York Potash Project estimates it will invest £111.5m in jobs

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The Northern Echo: Photograph of the Author by , Reporter

A MINING company has revealed plans for investing tens of millions of pounds in local construction jobs if plans to sink a mine in a national park are approved.

Details plans to mine the Potash mineral, polyhalite, about two miles from Whitby, in the North York Moors National Park, were revealed today (Thursday, January 7).

The proposals have already sharply divided opinion. Many people are deeply concerned about the environmental impact of the mine and pipeline, which will run through the moors to Teesside for processing. Others are keen to attract the investment and jobs to the region.

The application has now been submitted with the park authority reveal the billions of pounds of investment Sirius Minerals is looking to invest in the York Potash Project.

The first phase of the project, from 2013-17, will involve building the mine and Sirius Minerals says it expects to invest £1.32bn. Of that budget, £223m will be spent on the work force.

It claims 80 per cent direct employment will be filled by local workers, amounting to an investment of £111.5m.

Phase II from 2018 – 2024 would see the expansion of the mine, when Sirius Minerals has calculated it will invest a further £1.6bn, of which £111m will be spent on local construction labour.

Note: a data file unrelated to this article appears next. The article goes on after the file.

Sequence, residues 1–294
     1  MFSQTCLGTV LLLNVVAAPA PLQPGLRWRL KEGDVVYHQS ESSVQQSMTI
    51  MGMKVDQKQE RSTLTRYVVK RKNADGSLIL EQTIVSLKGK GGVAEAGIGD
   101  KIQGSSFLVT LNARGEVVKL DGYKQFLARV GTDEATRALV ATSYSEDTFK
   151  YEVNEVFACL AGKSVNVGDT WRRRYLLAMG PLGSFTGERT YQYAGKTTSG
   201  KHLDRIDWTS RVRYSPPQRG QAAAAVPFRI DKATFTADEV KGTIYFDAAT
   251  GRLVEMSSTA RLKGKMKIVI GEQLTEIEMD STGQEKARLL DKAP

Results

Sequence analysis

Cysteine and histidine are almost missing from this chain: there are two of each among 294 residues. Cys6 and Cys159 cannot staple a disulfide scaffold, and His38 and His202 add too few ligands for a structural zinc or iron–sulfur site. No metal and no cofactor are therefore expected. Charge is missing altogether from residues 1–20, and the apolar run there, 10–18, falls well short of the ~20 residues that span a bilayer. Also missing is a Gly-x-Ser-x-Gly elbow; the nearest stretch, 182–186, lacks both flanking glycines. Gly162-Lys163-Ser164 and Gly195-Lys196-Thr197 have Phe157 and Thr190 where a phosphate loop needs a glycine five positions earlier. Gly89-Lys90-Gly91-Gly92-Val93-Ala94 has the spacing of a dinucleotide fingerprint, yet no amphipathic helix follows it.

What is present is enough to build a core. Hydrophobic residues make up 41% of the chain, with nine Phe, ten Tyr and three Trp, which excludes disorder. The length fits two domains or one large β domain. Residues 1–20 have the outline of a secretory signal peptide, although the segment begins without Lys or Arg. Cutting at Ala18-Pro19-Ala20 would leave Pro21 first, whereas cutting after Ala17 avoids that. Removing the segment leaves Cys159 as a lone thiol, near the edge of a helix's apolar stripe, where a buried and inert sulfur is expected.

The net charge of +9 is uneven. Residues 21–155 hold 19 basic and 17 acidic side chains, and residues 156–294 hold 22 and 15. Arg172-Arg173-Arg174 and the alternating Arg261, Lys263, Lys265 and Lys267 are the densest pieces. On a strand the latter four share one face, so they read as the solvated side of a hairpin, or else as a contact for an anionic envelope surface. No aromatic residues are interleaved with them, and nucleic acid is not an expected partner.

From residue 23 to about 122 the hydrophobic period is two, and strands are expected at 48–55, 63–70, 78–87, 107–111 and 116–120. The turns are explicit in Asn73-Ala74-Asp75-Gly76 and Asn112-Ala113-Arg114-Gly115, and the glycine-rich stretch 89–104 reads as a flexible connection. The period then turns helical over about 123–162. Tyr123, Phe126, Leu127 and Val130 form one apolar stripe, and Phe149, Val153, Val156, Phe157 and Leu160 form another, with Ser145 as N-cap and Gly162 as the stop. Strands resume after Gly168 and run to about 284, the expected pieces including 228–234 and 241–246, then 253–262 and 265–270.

But the plans also include hundreds of pages of information about the environmental implications of the mine and its pipeline, which will transport polyhalite in a brine solution to Teesside.

Official plans for the pipeline will be lodged separately with the National Infrastructure Directorate.  About 25km of the pipeline will pass through the national park.

The North York Moors is home to one of the rarest habitats in the world – peat bogs – of which Britain and Ireland support most of the world’s supply. The plans look at the impact on different breeding birds, habitats and other ecological considerations.

Simon Bowes, Yorkshire and Humberside campaigner for Friends of the Earth said: “One of our real concerns over this is the pipeline.

“We know the pipe will basically be a 50m-wide scar across the landscape and we know they mean to transport the potash in brine rather than water, which is something that hasn’t been done before on an industrial scale.

“National parks are designated national parks for a reason; for its landscape beauty and biodiversity.”

The plans can be viewed online at; northyorkmoors.org. uk

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